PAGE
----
The police did not reach the spot until several hours after the owner reported the matter to it. A single policeman came about an hour later and told the owner to report the entire incident at the police station.

As many as 175 bags of tea leaves, sugar, ghee tins, mustard oil tins and other grocery items were found missing. 



Women Army officers welcome tenure extension
Vijay Mohan
Tribune News Service

Chandigarh, August 8
The government’s formal approval to extend the tenure of short service commission officers (SSC), including women, by four years has brought in a cheer for ladies in olive green. This has opened the door for them to move a step further up the hierarchy and wear the rank badges of a lieutenant colonel even if it will be for only a year or so.

Women officers, like their male SSC counterparts, will now have the option to serve for up to 14 years. Prior to this, their tenure was for five years, which could be extended by another five years. Moving up the ladder also means assuming greater responsibility and stepping into shoes no lady officer has worn before.

“The rank of lieutenant colonel does have its own prestige and being addressed as ‘Colonel’ would be great a boost to one’s self esteem and morale,” said a lady captain serving with the military intelligence at Chandimandir. “It is a positive sign and I believe it is moving a step towards grant of permanent commission for women officers,” she added.

The implementation of the recommendations of the A.V. Singh Committee report on cadre restructuring resulted in officers becoming eligible for promotion to the rank of lieutenant colonel on completion of 13 years service. Earlier, the eligibility was 18 years service.

Presently, women officers only get to command detachments or sub-units.

One question relating to the extension being raised is post-release employment. Considering the average age of commission to be 22-24 years, officers would be past 35 years. While it may not pose much problems for officers holding professional qualifications like engineering or law degrees, getting an alternative employment or starting a second career at that age may be difficult for others.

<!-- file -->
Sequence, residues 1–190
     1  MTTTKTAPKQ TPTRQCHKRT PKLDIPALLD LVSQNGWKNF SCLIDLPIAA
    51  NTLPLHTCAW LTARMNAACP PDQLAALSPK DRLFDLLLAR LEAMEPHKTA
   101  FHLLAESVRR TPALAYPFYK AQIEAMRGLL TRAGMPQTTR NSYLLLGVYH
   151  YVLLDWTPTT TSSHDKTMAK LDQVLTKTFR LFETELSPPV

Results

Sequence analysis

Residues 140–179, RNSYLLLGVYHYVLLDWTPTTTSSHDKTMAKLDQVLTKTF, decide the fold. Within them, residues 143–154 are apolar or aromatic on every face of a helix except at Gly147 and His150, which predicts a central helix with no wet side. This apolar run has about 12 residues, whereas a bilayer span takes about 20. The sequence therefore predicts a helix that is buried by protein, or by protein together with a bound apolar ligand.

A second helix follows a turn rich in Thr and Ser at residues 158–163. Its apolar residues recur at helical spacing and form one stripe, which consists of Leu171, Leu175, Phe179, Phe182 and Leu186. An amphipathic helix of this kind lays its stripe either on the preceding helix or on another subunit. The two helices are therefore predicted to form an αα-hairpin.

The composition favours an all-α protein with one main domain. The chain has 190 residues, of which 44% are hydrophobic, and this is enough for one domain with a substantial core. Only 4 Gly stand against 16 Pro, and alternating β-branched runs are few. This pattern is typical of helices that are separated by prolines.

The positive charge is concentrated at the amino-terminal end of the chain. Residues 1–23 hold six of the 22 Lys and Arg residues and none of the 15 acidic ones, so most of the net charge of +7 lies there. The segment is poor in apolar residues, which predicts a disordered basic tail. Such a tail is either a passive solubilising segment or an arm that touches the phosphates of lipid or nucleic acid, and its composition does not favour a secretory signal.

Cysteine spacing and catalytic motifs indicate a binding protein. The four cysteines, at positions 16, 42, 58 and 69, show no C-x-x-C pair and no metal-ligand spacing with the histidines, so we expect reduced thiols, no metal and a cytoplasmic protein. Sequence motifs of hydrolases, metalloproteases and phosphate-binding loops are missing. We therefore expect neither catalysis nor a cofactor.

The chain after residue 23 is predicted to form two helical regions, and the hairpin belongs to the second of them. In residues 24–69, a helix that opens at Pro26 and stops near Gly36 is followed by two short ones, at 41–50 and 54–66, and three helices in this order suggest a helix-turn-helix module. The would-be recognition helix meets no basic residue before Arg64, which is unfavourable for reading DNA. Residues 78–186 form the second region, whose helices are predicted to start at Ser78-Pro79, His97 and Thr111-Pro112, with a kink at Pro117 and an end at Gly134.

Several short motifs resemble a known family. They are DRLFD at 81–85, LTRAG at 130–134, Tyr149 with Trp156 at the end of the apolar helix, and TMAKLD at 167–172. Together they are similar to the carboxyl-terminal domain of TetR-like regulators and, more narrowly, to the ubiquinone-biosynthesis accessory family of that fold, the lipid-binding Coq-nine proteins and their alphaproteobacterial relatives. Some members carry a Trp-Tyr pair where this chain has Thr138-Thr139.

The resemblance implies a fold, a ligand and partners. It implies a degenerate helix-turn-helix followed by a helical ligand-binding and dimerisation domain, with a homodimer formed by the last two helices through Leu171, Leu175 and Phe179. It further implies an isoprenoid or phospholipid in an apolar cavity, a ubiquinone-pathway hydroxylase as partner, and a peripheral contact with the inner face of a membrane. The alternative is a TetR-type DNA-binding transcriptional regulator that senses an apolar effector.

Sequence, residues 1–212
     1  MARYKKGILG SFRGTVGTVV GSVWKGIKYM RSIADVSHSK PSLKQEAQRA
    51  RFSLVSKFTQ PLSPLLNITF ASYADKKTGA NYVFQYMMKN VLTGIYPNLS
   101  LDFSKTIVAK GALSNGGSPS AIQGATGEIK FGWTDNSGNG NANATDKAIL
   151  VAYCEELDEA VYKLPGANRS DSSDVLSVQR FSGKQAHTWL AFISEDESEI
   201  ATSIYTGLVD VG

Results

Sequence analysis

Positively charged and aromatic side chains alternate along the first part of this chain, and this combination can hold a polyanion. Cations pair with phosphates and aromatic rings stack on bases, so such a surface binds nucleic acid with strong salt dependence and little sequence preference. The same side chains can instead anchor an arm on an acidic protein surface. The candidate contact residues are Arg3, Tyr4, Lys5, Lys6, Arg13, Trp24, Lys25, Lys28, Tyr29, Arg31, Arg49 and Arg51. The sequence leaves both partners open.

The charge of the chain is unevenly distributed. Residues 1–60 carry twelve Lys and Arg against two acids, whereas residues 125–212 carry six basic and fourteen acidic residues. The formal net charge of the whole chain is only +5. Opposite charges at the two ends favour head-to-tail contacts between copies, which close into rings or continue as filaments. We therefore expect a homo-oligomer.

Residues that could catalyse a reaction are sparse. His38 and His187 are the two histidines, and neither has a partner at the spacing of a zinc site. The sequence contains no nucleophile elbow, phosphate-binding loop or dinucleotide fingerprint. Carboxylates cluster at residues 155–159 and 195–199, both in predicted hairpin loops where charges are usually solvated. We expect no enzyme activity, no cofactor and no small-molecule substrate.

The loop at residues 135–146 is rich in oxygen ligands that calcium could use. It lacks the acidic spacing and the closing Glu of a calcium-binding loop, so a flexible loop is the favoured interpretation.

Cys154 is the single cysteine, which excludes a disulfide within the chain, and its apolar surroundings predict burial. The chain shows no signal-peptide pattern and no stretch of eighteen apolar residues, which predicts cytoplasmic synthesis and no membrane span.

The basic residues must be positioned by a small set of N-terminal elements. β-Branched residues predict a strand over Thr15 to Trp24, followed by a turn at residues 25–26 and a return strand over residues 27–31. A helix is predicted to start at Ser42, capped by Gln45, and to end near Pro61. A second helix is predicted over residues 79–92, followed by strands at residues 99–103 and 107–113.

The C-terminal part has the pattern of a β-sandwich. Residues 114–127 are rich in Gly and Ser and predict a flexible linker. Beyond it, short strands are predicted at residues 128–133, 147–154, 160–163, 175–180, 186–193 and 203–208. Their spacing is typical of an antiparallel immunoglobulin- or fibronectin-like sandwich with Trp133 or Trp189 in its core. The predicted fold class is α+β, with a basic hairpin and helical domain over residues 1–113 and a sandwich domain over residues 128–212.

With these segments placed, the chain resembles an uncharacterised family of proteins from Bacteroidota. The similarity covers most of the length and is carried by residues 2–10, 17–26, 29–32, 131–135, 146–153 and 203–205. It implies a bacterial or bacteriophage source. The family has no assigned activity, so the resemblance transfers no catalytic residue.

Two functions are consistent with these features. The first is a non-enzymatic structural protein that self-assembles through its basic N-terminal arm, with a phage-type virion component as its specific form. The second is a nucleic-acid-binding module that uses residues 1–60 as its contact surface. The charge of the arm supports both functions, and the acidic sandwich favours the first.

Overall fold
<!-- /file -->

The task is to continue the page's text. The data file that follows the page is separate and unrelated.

By extending the term of engagement to 14 years, the government had stopped short of the 15 years service period required for service personnel to be eligible for grant of pension. This is another issue for debate in defence circles.

Some are of the view that intake for short-service commission should be increased to keep the age profile young and allow undesirable elements to leave. This also reduces the pension bill, which according to estimates, is equal to or perhaps more that the Army’s salary bill. Others are of the view that the government should grant pro-rata pension without imposing conditions of minimum service. This, they feel, will make the services more attractive.



Developing IT at the cost of industry
Naveen S. Garewal
Tribune News Service

Chandigarh, August 8
Chandigarh has emerged as the hottest information technology (IT) destination of South Asia, not because of the available infrastructure here, but due to the manner in which the Chandigarh Region has been projected as an IT destination. This has sent the price of real estate in and around the city to an astronomically high figure.

It is unfortunate that on the one hand the Chandigarh Administration is subsidising land prices to invite IT and ITES (IT enabled service) companies and on the other hand it has adopted double standards towards city industrialists who want to change the nature of their existing business to IT and ITES.